[env-trinity] Gene-splice salmon a risky unknown --
Mark Dowdle - TCRCD
mdowdle at tcrcd.net
Mon Nov 22 13:55:34 PST 2010
*Gene-spliced salmon a risky unknown*
*Sacramento Bee-11/20/10 *
*By Noelle Ferdon and Rick Guerrero *
Although fish may not be on the menu for your Thanksgiving Day feast,
its fate for future meals hangs in the balance. The Food and Drug
Administration is on the verge of approving the first genetically
engineered fish for human consumption: an Atlantic salmon crossed with
the genes of two other fish to make it grow twice as quickly as a normal
If the FDA approves the fish, it may not even be labeled as genetically
engineered. Consumers would have no way of knowing whether they were
eating a natural salmon or a mutant farmed fish whose impact on human
health and the environment is still largely unknown. The last day for
public comment is Monday. Comments can be submitted at
www.regulations.gov, docket No. FDA-2010-N-0385.
A federal bill that would ban the production of genetically engineered
fish (HR 6265) was recently introduced to put the brakes on the FDA's
runaway process. Sacramento Rep. Doris Matsui should take a stand and
co-sponsor this bill.
It is not just seafood-loving consumers who should worry about the
future of their next salmon fillet if genetically engineered farmed
salmon are OK'd. Our local salmon and the communities that depend on
them, would be at risk, too.
Pacific Coast fisheries have been in a state of crisis for several
years. The number of salmon in the Sacramento River fell from 800,000 in
2002 to under 40,000 in 2009. Up and down the West Coast, commercial
salmon fisheries have closed for the last few years, costing an
estimated 23,000 jobs and $2.8 billion in lost revenue.
Farmed salmon already threaten wild stocks, escaping by the millions
each year from ocean pens. There, they compete for resources, spread
disease and reduce biodiversity. Genetically engineered salmon could be
even more dangerous to wild fish, as their quick growth makes them more
voracious and aggressive (think salmon on steroids) and more likely to
outcompete wild fish for food.
In a letter sent to FDA Commissioner Margaret Hamburg in September, 14
California legislators registered deep concern that "approval (of
AquaBounty's petition) will lead to numerous other applications to grow
this and other genetically modified fish. ... California's wild salmon
runs are at historical lows and are not capable of withstanding an
additional assault that could come from escaped genetically modified
farmed salmon in the future."
The legislators also point out that California law prohibits the rearing
of genetically engineered salmon or any transgenic fish in our ocean
waters. FDA approval could pre-empt California from enforcing this law.
Even if it did not, flooding the market with genetically engineered
farmed salmon raised elsewhere would undercut local producers of wild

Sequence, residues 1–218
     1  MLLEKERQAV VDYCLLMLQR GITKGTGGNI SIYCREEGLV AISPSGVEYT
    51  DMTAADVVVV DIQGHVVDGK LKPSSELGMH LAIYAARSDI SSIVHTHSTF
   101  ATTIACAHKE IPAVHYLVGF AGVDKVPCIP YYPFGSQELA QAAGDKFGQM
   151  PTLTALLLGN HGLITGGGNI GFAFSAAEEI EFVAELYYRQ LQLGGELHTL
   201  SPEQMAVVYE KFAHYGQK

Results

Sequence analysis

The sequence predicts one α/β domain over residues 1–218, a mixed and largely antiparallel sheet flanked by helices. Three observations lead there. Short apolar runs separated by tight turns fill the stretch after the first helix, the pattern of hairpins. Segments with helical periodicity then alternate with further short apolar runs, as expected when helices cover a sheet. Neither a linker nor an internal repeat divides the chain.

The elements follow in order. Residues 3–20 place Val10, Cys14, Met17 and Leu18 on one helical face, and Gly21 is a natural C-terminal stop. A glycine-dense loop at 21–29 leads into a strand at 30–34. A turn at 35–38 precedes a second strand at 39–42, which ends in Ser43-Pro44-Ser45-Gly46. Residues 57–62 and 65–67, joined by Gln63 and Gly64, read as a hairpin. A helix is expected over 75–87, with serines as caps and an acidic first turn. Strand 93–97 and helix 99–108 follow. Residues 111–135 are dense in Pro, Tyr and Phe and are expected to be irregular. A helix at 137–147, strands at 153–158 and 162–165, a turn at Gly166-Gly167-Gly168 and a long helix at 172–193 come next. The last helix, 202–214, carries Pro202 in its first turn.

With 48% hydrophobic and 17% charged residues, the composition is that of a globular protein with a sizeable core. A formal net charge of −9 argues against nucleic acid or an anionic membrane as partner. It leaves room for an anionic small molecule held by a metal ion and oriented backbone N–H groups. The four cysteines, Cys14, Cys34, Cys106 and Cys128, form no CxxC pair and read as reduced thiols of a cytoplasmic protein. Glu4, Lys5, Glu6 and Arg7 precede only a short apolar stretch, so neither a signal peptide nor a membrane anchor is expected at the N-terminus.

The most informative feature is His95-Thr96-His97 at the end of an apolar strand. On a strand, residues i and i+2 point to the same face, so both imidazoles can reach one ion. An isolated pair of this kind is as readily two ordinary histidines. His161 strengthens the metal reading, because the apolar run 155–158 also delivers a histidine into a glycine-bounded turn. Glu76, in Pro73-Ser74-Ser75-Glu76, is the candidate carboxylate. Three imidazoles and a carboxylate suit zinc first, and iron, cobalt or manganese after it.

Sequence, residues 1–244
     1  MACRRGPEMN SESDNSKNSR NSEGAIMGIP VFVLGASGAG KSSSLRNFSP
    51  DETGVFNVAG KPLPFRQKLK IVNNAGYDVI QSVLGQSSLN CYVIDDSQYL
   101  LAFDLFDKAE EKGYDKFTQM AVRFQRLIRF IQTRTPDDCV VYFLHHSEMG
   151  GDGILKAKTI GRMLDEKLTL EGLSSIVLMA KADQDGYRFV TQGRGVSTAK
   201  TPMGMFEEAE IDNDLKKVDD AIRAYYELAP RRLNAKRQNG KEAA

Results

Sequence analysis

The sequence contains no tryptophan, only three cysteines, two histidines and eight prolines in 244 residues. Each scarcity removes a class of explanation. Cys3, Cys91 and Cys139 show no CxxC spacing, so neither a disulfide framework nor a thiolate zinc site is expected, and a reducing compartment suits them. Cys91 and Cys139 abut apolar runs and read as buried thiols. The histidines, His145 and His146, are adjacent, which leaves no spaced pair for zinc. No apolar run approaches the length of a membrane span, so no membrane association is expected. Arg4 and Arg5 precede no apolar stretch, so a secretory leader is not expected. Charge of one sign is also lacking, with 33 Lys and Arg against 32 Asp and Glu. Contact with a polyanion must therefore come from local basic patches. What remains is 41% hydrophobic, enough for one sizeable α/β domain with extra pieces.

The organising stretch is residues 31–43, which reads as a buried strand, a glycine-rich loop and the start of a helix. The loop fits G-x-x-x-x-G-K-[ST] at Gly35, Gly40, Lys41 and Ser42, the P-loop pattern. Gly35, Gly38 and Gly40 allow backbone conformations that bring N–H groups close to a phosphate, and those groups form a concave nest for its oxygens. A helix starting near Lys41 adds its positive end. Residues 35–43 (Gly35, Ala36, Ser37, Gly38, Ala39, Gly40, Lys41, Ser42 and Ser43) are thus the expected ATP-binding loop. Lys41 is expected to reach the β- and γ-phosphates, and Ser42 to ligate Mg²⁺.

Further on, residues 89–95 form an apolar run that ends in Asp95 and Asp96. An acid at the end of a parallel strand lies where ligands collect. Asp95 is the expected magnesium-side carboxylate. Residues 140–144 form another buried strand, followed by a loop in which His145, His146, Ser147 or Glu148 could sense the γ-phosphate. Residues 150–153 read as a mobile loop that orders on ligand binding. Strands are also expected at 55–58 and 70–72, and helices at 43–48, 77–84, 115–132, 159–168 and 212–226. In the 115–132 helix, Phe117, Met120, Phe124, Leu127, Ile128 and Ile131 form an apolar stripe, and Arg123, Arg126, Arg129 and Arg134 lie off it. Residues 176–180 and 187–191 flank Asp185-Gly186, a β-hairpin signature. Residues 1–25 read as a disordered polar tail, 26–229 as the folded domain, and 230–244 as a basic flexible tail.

Pacific Coast salmon -- much like cheap farmed shrimp from foreign
operations has driven the few sustainable, local shrimperies left in the
United States toward bankruptcy.
Sens. Dianne Feinstein and Barbara Boxer have sent letters to the FDA
expressing concern over the FDA's shoddy approval process of genetically
Experts, including scientists at the U.S. Fish and Wildlife Service,
believe that insufficient research has been done on the risks of raising
or eating genetically engineered salmon. The FDA only considered studies
conducted by AquaBounty or its contractors, not independent scientists.
The rapid approval of genetically engineered salmon would open the
floodgates for other transgenic food animals. It would also reduce
political pressure to restore our natural salmon runs. But we must
restore them: their health is critical to our fishing communities, our
economy, Pacific tribal cultures and our state's biodiversity.
It would be a mistake for our legislators to allow the approval of
genetically engineered salmon, particularly at a time when our
unemployment rate is at an all-time high and efforts to restore our wild
salmon fisheries are in full force.
Matsui sits on the House Energy and Commerce Committee, which allocates
funding for the FDA. She has an especially important role to play in
protecting our health and the critical salmon habitat that helps define
the Sacramento region. She can lead on this issue by co-sponsoring HR
6265 and by directing the FDA to develop a robust process for
considering genetically engineered animal applications.
Our fisheries are nearing the point of no return. We need federal and
state investment in their restoration, not a science experiment that
uses our plates -- and our environment -- as a Petri dish.#
/Noelle Ferdon is senior organizer with the consumer advocacy group Food
& Water Watch. Rick Guerrero is president of the Green Democratic Club
of Sacramento County./
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